Document Type

Conference Proceeding

Publication Date



Collaborative filtering algorithms find useful patterns in rating and consumption data and exploit these patterns to guide users to good items. Many of the patterns in rating datasets reflect important real-world differences between the various users and items in the data; other patterns may be irrelevant or possibly undesirable for social or ethical reasons, particularly if they reflect undesired discrimination, such as gender or ethnic discrimination in publishing. In this work, we examine the response of collaborative filtering recommender algorithms to the distribution of their input data with respect to a dimension of social concern, namely content creator gender. Using publicly-available book ratings data, we measure the distribution of the genders of the authors of books in user rating profiles and recommendation lists produced from this data. We find that common collaborative filtering algorithms differ in the gender distribution of their recommendation lists, and in the relationship of that output distribution to user profile distribution.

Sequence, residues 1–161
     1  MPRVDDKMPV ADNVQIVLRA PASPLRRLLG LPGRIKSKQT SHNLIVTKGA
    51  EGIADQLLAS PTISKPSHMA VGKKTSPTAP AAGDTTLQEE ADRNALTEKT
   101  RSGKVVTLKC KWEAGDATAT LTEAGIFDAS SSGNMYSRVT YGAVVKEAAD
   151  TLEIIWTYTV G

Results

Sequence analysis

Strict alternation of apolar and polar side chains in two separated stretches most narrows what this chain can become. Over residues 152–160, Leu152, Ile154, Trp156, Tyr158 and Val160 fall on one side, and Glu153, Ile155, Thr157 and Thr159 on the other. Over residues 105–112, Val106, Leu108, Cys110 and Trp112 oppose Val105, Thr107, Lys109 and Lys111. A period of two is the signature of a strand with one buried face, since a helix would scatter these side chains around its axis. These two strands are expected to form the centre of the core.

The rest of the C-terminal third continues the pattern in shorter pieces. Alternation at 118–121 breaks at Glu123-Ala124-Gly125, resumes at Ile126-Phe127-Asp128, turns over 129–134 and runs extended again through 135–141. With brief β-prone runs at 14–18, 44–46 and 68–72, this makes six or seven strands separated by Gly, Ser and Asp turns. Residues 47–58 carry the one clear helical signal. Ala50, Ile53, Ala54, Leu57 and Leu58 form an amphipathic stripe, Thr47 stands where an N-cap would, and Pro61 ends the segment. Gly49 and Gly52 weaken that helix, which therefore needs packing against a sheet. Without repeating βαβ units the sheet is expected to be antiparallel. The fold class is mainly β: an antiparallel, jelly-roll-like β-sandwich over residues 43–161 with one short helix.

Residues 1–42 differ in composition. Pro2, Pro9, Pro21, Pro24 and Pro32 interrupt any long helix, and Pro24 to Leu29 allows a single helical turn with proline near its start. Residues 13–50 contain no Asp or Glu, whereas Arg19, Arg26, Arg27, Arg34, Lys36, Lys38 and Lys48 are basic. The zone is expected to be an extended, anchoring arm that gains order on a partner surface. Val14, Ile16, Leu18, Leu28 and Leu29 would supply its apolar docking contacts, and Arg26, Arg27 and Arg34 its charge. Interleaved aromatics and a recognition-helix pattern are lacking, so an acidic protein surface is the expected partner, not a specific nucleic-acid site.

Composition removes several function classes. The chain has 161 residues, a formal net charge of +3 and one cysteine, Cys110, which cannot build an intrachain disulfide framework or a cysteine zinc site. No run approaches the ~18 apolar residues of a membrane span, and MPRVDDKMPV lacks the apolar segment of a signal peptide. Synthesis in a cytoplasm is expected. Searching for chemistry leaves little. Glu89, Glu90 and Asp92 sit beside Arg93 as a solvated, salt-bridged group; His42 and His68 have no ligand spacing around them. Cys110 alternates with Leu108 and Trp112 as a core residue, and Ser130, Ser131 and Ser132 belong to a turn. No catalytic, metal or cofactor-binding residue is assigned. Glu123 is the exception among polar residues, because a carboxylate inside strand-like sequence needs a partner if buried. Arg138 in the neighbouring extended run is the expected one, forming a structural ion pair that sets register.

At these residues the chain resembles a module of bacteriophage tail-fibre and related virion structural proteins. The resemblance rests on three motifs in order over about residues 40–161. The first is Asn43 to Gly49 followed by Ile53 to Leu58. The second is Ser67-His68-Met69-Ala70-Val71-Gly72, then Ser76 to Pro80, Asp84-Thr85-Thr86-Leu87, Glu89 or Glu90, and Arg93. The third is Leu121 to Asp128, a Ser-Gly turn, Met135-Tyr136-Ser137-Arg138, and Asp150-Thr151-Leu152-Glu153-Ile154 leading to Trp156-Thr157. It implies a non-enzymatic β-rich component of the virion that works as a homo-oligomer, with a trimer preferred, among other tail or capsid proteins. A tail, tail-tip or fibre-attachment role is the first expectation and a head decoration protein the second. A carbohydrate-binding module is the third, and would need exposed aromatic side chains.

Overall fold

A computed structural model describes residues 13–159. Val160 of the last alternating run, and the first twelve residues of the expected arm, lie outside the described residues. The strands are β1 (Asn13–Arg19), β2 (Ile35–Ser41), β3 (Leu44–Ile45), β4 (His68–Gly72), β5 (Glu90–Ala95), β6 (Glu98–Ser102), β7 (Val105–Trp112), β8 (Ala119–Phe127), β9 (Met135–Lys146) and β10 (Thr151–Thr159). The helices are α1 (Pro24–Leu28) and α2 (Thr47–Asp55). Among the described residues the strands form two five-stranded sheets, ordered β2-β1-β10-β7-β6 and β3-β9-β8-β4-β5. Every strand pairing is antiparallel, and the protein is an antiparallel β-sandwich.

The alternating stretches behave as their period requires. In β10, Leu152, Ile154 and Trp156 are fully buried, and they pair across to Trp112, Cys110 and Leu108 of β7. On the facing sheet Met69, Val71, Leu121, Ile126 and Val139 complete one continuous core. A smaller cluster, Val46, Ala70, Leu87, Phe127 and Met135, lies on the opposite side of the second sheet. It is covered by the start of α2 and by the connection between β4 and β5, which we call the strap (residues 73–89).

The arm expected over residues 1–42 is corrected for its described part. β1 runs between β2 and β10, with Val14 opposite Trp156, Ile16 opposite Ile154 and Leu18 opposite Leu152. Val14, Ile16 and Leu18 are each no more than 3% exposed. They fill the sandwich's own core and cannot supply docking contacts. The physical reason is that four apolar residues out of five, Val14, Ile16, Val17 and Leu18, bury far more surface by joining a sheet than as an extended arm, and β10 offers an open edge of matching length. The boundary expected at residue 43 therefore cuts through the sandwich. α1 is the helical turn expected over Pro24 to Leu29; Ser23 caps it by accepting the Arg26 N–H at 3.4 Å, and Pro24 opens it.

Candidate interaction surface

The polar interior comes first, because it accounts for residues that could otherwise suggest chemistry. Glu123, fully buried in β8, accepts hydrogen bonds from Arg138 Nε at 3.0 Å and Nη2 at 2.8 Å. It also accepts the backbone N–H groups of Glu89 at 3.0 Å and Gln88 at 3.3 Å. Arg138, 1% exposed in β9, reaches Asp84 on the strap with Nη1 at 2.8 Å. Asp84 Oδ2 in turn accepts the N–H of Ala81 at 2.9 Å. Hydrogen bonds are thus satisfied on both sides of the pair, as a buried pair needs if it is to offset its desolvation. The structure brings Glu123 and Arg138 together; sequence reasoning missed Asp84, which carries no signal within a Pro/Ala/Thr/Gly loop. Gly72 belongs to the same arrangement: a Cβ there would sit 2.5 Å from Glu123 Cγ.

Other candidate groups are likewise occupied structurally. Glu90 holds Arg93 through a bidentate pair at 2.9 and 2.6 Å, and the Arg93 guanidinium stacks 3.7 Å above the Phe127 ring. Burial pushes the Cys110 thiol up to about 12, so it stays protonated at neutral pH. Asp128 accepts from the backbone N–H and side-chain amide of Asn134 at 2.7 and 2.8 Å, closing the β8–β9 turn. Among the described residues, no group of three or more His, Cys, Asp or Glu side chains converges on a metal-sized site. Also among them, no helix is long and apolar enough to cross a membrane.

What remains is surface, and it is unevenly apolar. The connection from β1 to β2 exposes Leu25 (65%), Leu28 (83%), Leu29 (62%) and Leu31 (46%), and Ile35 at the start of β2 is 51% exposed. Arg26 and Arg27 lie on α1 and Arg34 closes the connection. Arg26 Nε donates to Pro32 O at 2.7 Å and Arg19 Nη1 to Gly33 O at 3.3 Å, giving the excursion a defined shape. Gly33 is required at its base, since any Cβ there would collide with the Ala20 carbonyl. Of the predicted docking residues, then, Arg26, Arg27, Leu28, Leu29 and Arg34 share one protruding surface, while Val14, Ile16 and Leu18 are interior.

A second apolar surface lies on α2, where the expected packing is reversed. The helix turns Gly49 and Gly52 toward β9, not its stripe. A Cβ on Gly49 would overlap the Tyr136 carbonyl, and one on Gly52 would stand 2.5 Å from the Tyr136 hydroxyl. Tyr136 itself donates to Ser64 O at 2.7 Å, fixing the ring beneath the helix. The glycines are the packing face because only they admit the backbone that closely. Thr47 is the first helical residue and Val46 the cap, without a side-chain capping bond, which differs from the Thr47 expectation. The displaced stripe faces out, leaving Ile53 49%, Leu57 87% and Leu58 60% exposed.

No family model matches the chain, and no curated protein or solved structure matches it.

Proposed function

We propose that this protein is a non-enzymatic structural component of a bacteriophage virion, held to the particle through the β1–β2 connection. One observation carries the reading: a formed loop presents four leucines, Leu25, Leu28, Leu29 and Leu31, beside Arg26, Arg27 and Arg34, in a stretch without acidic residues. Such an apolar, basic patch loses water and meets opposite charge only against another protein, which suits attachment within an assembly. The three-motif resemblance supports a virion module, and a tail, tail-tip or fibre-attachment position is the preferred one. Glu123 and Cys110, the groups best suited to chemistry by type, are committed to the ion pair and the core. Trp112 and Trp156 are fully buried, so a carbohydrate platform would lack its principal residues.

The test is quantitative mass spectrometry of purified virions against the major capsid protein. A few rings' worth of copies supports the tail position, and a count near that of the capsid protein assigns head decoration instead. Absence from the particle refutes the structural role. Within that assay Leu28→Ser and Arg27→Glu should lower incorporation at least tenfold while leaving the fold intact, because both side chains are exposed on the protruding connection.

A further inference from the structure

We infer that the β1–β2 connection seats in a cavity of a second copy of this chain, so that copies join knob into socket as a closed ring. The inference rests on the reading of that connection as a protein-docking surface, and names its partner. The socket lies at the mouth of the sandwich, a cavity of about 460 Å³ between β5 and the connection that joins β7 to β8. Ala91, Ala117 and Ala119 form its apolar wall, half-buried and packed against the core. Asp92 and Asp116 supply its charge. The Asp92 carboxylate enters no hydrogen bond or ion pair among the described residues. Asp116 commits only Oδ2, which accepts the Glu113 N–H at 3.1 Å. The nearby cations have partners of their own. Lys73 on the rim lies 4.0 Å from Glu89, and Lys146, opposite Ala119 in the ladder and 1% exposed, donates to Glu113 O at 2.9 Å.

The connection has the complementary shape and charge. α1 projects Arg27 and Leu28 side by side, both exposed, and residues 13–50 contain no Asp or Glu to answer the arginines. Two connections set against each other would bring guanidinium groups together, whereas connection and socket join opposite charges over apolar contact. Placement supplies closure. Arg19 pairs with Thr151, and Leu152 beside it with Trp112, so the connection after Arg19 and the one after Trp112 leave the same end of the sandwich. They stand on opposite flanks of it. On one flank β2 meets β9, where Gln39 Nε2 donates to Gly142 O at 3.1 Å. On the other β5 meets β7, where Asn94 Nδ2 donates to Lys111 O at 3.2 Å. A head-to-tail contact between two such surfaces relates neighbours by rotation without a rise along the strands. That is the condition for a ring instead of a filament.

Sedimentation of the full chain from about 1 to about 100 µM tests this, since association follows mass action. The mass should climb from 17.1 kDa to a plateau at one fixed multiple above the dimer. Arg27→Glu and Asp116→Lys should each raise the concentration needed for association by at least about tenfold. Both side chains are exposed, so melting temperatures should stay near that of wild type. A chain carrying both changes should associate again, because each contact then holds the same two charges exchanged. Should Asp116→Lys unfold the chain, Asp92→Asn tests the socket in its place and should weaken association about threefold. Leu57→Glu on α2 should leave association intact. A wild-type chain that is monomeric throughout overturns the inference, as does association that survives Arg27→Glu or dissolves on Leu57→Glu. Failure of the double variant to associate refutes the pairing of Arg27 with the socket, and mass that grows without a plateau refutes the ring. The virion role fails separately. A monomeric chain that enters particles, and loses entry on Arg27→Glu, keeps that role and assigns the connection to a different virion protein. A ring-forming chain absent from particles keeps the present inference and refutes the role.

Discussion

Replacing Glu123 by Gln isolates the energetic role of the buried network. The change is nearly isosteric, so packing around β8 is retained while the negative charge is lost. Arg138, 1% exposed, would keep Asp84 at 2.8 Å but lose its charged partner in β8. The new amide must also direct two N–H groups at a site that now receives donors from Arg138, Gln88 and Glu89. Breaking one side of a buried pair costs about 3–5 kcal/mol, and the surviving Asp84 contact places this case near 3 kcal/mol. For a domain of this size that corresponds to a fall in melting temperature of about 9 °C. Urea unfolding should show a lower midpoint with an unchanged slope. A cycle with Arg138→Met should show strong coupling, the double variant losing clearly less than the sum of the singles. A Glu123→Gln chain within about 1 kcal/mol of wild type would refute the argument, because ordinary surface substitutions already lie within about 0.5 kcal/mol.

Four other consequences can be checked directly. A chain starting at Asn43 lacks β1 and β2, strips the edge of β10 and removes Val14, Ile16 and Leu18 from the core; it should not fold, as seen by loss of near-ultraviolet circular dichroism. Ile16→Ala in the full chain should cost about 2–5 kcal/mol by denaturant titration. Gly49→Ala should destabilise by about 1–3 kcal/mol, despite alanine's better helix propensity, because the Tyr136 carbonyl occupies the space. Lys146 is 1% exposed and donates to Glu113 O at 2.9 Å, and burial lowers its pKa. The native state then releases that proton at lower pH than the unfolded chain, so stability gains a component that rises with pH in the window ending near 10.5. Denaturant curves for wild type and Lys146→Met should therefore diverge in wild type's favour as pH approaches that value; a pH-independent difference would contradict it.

The related computer script can be found here:

Published article derived from this paper can be found here:

Additional Resources related to this work can be found at:

Copyright Statement

This document was originally published in RecSys '18: Proceedigns of the 12th ACM Conference on Recommender Systems by the Association for Computing Machinery. Copyright restrictions may apply. (69194 kB)
Scripts for Exploring Author Gender in Book Rating and Recommendation